Dating apps have given us so much choice and so much power but no rules.
By
Sadia Azmat

15 Jul 2019 - 8:55 AM  UPDATED 26 Jul 2019 - 9:58 AM

If you want to get a guy’s attention it’s very easy - all you have to do is sext them. 

I’ve always noticed the difference in communications and response times with men. If it’s a normal message it can go unread for days. But throw in the word 'lick', 'bite' or 'wet' and that message is getting read instantly. 

I’m very aware that my sext messages read like those of a sexual predator and am very grateful for my recipient’s understanding and indulgence. The words have to be graphic because as a hijabi the pictures certainly aren’t. My nudes tend to be from the neck up. Anything neck down is headless - which has led to complaints from partners.

 

But with power comes responsibility. The downside of sexting is it can detract from some of the spontaneity in fooling around and unintentionally become a substitute for foreplay. So definitely keep a few tricks in the bag to keep them on their toes. Technology gives us the illusion of being close even when we are physically apart. We shouldn’t forget the importance of hooking up being an act of intimacy and making sure we haven’t run out of steam before we’re even in the same room together. 

I get all sorts of DMs - guys telling me I need to get a married cos I’m so horny, guys telling me I’m gonna burn in hell, guys offering me a quickie and others just looking for advice on how they can find a partner. 

The average Tinder message sent by a man to a woman is 12 characters long, while the other way around, the average is 122. I think to win in the dating world you have to be really clear about what it is you want. Dating apps have given us so much choice, so much power but no rules.

I’m a dating app virgin for many reasons. In 2015, it came to light in statistics published by GlobalWebIndex that, of those surveyed, 42 per cent of Tinder’s user base already had a partner. So even those - who had already said I do - were keeping their options open.

I joined Facebook years ago and for some reason that gave foreign men from India/Pakistan a green light to hit on me. I would get pictures of men posing with their (or more likely their friend’s) BMWs wanting to ‘get to know me’. 

My hesitance with using apps is that I would attract the wrong guys. Even though these guys weren’t my type, apparently I was very much theirs. I question whether they liked me or just liked that I wore a headscarf and therefore lived up to their outdated expectations of an ultra modest, chaste wife material.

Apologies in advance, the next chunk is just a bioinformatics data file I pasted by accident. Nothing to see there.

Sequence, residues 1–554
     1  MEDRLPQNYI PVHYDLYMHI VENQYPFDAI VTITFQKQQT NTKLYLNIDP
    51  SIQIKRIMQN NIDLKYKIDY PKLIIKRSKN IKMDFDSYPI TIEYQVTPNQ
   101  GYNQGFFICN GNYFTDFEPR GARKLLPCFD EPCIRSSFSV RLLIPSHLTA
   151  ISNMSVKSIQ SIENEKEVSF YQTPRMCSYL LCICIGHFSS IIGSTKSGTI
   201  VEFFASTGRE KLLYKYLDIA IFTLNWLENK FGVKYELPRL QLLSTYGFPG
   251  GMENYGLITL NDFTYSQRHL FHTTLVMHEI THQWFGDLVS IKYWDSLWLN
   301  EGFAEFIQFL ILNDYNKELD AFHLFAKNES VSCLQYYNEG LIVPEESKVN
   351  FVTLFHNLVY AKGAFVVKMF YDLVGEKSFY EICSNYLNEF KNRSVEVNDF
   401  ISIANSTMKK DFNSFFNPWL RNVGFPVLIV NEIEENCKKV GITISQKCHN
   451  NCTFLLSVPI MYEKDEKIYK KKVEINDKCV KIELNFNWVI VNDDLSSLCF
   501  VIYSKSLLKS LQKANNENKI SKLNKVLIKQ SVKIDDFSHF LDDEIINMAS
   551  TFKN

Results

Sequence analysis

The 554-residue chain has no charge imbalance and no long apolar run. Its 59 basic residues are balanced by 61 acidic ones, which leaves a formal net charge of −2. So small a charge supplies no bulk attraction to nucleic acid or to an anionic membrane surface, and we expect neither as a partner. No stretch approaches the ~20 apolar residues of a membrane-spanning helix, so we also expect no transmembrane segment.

Being a Muslim woman it’s hard to find someone, let alone ‘the one’. Guys I am interested in overlook me so quickly, more than likely, concluding I’m more trouble than I’m worth.

I think what still holds true is we should treat others they way we would like to be treated. 

I got my first fully erect, unsolicited dick pic last year. I think he probably thought he was doing me a favour - having no idea that women are not nearly as visually stimulated as men. 

Then there’s Instagram. I get all sorts of DMs - guys telling me I need to get a married because I’m so horny, guys telling me I’m gonna burn in hell, guys offering me a quickie and others just looking for advice on how they can find a partner. 

The thing with the internet is there’s no beginning and no end. Whether you are on a dating app or not we’re all in each others world without any invitations or explanations. 

As part of a BBC Radio 2 program I presented recently, called ‘My Single Life’ I saw a therapist for the first time to discuss my issues with dating. She helped me see that not being on dating apps was my way of avoiding the disappointment of being potentially let down and hurt in a relationship. 

She put forward a good argument for why I should be on dating apps to experiment and see what’s out there. I have friends with online dating horror stories who were ghosted after a one night stand. I also have friends who have met their true love on Tinder. 

I think what still holds true is we should treat others they way we would like to be treated. And not lose sight of the fact that even though breaking the ice and interacting with someone virtually is a lot easier that they are still a person. You got to kiss a few frogs before you meet your Prince Charming.

Sadia Azmat is a stand-up comedian and will be performing at the Edinburgh Fringe Festival (August 3 - 25). She hosts the BBC Sounds podcast No Country For Young Women and also has a BBC Radio 2 program “My Single Life”,  released on July 14.

The Hunting premieres on Thursday, August 1 at 8:30pm on SBS and SBS On Demand, and airs over four weeks.

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